Step 1 in initiating a food-plot program is a deer density survey using trail cameras. Compare the deer population to acreage and other conditions to determine the size of the food plot. Situations vary, but when Korman’s group started work on the Westmoreland County land, it held about 35 deer per acre. Density is going down — Korman said they’re working toward a goal of 20 deer per acre.
“On the properties I consult for, I show them the math,” he said. “Say you have 700 acres. You need 5 to 10 percent of that property to be in some kind of field or forest enhancement program. . . . For a farmer trying to take his deer population down, anything would help, but he really needs at least a couple quarter-acre diversionary food plots to make a difference.”
“Diversionary” plots legally attract deer for hunters. Korman recommends planting a variety of choice plants surrounded by tall sorghum — the cover makes skittish deer more comfortable while feeding.
“Without the cover, the deer get in the habit of feeding nocturnally,” he said. “When the deer get used to eating in daylight hidden by the sorghum, it makes it easier when we go hunting. I get about 40 to 50 percent more daylight feeding activity when the deer feel more protected hidden behind the sorghum.”
What to plant?
• Clover provides good nutritional enhancement for deer. “It grows in wet areas and has a really good coverage rate once it’s established,” Korman said. “It provides a lot of protein for big antlers and body weight.”
• Alfalfa is more finicky and harder to grow, requiring more intense pH manipulation. “It’s more work than most guys are willing to put in, but it has a long tap root and is high on calcium and protein.
• Chickory has a long tap root and is considered a valuable draught-resistant element in a wildlife food plot, providing high calcium for better lactation and antler growth.
• Sorghum, or Egyptian wheat, looks like corn and grows as tall, but produces seeds instead of ears. The deer eat the seeds when they fall, and the tall stalks provide cover.
• Winter wheat can be planted in September. Establish the soil pH at 6.5 to 6.8 and till a half inch. Depending upon the amount of rain, winter wheat will sprout in a couple of weeks and remain green through winter.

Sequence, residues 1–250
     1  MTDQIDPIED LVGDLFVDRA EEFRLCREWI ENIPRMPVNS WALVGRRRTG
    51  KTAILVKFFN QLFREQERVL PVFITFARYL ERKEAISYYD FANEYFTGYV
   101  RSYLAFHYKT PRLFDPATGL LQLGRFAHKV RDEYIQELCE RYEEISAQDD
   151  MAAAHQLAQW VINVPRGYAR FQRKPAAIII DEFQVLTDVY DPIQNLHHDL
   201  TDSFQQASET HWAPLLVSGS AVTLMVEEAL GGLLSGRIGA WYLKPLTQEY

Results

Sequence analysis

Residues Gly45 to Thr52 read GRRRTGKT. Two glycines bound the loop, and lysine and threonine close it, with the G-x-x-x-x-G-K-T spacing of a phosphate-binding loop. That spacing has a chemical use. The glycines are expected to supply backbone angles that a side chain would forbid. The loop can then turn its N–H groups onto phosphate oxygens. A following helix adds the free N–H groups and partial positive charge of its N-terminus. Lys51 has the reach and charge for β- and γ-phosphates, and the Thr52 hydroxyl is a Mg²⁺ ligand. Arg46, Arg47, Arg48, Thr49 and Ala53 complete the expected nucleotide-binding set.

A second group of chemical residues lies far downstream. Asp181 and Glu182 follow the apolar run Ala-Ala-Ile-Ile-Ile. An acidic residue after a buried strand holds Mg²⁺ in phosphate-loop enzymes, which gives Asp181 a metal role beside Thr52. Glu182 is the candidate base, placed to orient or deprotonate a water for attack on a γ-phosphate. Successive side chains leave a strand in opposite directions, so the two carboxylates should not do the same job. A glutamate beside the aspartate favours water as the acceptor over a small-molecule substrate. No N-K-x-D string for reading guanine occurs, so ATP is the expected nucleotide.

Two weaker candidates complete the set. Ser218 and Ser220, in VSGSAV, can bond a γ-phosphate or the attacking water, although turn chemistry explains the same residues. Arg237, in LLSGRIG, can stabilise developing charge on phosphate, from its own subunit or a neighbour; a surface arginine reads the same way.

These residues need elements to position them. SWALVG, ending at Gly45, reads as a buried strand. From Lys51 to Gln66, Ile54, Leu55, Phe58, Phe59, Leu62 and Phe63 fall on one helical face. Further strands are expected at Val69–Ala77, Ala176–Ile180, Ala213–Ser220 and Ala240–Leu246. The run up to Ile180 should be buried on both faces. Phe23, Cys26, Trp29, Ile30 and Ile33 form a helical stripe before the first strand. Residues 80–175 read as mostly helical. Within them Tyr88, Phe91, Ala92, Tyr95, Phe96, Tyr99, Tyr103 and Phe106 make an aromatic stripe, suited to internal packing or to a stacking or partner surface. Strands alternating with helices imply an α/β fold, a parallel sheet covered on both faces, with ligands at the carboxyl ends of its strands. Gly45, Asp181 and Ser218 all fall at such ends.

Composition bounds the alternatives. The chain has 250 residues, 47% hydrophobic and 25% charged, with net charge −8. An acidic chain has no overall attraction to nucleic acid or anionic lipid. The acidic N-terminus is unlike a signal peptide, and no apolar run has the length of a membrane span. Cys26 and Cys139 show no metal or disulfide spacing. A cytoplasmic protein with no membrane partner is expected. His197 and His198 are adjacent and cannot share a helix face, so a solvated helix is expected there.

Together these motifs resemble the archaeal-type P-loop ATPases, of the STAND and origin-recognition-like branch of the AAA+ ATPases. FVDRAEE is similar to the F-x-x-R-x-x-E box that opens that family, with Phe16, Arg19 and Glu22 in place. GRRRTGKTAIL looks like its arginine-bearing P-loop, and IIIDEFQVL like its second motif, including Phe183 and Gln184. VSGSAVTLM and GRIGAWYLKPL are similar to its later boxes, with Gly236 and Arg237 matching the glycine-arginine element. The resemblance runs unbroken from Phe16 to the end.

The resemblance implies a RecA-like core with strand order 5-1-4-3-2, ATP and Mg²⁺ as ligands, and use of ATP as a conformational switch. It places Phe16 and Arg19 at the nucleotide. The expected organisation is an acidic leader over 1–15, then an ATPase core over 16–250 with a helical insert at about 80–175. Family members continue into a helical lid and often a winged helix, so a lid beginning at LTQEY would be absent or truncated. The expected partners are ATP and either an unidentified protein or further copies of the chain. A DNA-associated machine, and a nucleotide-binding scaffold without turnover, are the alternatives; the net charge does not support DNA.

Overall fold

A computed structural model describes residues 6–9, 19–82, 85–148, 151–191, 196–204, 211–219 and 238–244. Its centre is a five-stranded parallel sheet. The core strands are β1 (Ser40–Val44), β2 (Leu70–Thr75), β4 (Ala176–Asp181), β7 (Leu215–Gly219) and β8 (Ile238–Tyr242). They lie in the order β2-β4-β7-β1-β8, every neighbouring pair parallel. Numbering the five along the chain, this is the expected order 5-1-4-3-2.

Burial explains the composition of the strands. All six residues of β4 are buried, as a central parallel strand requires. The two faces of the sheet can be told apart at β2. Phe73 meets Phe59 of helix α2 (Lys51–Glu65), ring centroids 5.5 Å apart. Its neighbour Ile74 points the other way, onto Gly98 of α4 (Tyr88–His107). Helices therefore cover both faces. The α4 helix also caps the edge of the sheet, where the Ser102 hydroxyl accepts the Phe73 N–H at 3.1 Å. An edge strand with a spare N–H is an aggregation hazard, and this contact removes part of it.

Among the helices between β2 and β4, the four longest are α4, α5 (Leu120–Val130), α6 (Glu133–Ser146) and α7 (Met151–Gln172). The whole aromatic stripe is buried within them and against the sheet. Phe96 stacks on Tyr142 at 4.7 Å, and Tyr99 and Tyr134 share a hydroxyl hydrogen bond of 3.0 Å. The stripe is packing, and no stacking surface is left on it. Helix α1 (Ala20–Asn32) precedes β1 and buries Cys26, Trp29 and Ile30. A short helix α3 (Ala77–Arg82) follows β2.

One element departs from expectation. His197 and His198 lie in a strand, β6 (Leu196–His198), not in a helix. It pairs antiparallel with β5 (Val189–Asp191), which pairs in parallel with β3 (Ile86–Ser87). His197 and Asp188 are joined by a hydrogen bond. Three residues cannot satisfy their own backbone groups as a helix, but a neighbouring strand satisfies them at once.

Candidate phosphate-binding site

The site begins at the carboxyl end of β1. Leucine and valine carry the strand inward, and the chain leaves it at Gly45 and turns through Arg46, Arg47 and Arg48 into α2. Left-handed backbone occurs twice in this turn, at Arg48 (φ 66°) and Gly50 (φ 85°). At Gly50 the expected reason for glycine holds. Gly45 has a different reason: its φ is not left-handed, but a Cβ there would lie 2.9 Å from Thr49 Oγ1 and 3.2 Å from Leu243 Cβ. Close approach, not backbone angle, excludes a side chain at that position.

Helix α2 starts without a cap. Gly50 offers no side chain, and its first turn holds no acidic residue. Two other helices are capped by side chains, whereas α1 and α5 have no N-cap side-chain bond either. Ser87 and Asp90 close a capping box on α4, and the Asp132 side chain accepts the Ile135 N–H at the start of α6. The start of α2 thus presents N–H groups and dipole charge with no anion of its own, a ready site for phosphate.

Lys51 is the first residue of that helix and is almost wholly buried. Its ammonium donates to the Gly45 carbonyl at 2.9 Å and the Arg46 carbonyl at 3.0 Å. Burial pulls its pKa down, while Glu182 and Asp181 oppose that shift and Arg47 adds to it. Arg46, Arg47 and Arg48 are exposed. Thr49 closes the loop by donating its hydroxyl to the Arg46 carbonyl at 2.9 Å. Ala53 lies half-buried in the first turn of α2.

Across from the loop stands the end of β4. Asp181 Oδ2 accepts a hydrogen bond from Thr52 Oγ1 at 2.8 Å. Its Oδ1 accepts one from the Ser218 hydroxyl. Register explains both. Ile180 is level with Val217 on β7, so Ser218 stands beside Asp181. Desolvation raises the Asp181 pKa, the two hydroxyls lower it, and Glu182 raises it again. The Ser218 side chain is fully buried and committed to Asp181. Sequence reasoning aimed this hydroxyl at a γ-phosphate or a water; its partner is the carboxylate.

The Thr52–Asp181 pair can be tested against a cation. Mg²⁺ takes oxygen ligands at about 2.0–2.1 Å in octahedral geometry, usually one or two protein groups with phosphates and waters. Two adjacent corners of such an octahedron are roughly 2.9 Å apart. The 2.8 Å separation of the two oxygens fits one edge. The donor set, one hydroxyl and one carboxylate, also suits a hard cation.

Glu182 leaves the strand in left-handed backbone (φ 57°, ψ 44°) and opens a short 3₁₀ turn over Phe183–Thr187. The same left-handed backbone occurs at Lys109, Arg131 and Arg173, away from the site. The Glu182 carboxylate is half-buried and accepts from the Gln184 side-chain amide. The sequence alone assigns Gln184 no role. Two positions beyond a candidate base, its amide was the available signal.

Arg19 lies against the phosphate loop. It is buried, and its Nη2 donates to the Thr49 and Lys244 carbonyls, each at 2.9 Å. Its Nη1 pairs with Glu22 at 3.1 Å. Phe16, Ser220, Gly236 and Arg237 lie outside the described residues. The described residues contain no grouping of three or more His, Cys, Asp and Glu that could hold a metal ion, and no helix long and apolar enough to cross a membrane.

• Turnips are a high-protein food source that gets better later into the year. “Once you get two or three frosts the sugar level goes up,” Korman said. “When winter hits, they’ll have a source of carbohydrates when they need it most to put on fat to stay warm.”
There’s one turnip caveat: After three years in the same ground, turnips can turn the soil toxic. It’s important to rotate your food plot crop.
What not to plant?
• Corn. “The Game Commission has done necropsies on deer and found they starved to death with bellies filled with corn,” said Korman. “At certain times of the year, deer don’t have the proteins in their stomachs required to process the nutrition in corn. They’re eating, they feel like they’re full, but if they’re eating mostly corn and not other things they starve to death. Ninety-nine percent of the time it’s because people put out corn for deer at all times of the year. It’s like you’re eating nothing but Frosted Flakes and wonder why you got diabetes.”
• “Rye, timothy and most grasses are the worst thing to plant for deer,” he said. “Deer don’t have the correct enzymes to break down grasses like cattle do. They eat it, but they get no nutritional value from it.”
John Hayes: firstname.lastname@example.org.